If even half the other recipes in the book are as good as this one, I'll be buying this book very soon. What I like about the book so far:
- Just about all the recipes I've read so far are, like, real food. You don't need a bunch of weird ingredients you've never heard of before,; you're most likely going to have most of the stuff in your pantry or fridge already, or at least know which aisle of the market to find it in. And, because it's mostly all recognizable stuff, the kids are way more likely to eat it. 'Nuff said.
- She includes the cost per serving for each meal. All of them are under $1.85 per serving, and a lot of them are under $1.00 per serving.
- Most of the recipes are on the quick side, and she includes time-saving tips (like cooking basics and large batches ahead of time and freezing, and cooking one meal that will be used for two).
- She also includes recipes for making your own "convenience foods"...those vegan versions of non-vegan ingredients (like meat, mayo, etc.) that you can get at the grocery store, but usually at a steep price. I'm not sure I'll go quite so far as to make my own seitan (vegan meat) because we're not strictly vegan, but for those with food allergies or who want to be strict vegans, these made-at-home versions could be a significant money saver (and you can skip those weird chemical additives in many of them).
- She includes a chart showing which ingredients will be cheaper to make yourself rather than buy, and the approximate cost savings.
So, overall, I think I'm going to get a lot out of this book.
Oh, and here's the recipe for the Southwestern Black Bean and Corn Chowder:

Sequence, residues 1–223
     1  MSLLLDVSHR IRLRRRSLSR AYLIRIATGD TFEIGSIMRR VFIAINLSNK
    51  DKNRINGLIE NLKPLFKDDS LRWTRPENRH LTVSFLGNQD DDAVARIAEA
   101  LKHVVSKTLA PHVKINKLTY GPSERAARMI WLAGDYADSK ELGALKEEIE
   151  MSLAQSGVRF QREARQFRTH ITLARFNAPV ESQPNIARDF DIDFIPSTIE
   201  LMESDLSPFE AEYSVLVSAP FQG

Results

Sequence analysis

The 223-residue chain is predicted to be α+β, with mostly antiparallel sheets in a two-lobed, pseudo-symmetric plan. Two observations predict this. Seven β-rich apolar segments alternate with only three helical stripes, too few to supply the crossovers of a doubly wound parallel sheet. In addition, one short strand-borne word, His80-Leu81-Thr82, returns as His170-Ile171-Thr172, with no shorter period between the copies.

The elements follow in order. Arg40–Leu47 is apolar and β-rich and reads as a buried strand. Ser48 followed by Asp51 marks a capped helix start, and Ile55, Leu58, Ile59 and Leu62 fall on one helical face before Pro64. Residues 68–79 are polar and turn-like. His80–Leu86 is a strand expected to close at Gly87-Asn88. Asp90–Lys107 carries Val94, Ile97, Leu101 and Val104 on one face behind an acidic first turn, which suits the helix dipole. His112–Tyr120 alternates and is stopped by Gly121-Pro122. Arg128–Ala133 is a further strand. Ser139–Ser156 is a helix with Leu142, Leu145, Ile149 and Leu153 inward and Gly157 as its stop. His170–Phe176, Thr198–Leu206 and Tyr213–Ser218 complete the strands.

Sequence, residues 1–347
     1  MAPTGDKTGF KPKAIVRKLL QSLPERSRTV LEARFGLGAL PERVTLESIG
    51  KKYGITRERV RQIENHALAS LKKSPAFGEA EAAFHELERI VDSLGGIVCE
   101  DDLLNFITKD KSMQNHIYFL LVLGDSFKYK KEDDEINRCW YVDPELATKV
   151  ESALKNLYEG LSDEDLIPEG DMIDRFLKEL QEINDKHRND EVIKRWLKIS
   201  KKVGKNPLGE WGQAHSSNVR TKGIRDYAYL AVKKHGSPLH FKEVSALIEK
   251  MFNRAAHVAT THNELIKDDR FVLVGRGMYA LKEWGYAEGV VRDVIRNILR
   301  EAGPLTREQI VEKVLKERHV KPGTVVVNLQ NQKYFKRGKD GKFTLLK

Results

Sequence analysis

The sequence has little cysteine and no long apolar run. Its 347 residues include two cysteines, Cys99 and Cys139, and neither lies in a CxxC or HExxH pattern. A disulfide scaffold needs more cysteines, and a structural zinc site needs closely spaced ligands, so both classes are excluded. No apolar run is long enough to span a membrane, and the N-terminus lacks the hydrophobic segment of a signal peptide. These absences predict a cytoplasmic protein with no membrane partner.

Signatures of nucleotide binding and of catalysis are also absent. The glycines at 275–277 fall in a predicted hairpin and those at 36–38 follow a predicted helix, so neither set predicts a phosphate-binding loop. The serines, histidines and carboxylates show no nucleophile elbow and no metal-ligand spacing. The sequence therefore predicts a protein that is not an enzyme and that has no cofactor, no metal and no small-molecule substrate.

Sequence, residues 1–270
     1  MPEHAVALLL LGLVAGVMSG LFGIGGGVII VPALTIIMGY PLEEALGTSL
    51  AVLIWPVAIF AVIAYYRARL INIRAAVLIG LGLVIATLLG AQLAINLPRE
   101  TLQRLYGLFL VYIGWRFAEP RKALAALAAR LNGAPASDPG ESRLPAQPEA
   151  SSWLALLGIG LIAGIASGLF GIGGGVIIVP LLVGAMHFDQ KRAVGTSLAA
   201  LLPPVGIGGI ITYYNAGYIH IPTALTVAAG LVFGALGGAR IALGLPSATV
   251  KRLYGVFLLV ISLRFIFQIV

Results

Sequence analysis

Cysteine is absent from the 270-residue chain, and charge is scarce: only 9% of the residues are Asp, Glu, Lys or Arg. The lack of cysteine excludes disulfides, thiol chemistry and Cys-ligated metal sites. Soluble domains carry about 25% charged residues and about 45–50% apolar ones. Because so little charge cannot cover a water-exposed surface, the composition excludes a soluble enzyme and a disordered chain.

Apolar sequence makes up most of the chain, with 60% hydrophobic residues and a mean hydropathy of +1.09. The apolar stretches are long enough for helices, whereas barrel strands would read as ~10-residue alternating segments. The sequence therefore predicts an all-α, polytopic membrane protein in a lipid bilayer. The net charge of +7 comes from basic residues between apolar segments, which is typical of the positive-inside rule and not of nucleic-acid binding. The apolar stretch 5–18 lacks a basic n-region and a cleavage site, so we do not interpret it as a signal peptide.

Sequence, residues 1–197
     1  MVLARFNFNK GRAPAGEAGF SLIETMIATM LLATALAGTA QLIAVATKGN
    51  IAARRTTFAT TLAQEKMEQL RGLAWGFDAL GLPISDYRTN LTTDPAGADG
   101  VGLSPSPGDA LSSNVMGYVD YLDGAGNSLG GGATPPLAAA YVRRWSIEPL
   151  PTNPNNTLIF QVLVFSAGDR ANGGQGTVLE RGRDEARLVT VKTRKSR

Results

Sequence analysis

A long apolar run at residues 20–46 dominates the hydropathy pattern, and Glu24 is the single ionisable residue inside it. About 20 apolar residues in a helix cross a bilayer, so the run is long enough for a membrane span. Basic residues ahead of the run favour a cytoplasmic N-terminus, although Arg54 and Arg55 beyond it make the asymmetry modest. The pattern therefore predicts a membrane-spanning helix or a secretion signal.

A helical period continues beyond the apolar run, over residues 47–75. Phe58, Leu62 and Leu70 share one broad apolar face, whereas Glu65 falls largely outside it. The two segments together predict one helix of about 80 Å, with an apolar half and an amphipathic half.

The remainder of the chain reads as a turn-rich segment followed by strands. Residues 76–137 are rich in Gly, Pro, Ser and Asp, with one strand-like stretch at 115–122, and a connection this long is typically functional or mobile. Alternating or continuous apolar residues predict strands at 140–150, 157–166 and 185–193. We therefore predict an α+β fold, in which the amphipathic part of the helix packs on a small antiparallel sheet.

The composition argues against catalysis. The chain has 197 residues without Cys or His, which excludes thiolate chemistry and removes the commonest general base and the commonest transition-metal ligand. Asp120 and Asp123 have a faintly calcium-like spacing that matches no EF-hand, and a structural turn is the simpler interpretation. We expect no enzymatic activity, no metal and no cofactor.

1 T olive oil
1 medium yellow onion, chopped
2 garlic cloves, minced
3 cups cooked or 2 (15.5-ounce) cans black beans, drained and rinsed (I used home-cooked)
1 (14-ounce) can diced fire-roasted tomatoes, undrained (I used plain canned tomatoes)
1 (4-ounce) can chopped mild green chiles, drained (I went easy for the sake of the kids, and left some to be added by the adults as desired)
1 1/2 cups fresh or thawed frozen corn kernels (I used frozen)
1 t chili powder
1/2 t ground cumin
1/2 t smoked paprika (optional) (I used regular paprika)
3 cups vegetable stock (I used homemade)
Salt and black pepper
Tortilla chips (I served with home-made Artisan bread)
- In large pot, heat the oil over medium heat. Ad the onion and garlic, cover, and cook until softened, about 5 minutes.
- Stir in the beans, tomatoes with their juice, chiles, corn, chili powder, cumin, and paprika, if using. Add the stock and season with salt and peper to taste. (The amount of salt needed depends on the saltiness of your stock). Simmer until the chowder is hot and the flavors have developed, 30 to 40 minutes.
- To serve, ladle the chowder into bowls and top each bowl with tortilla chips.
And, yes, the kids ate it. A couple of them even went back for seconds ;)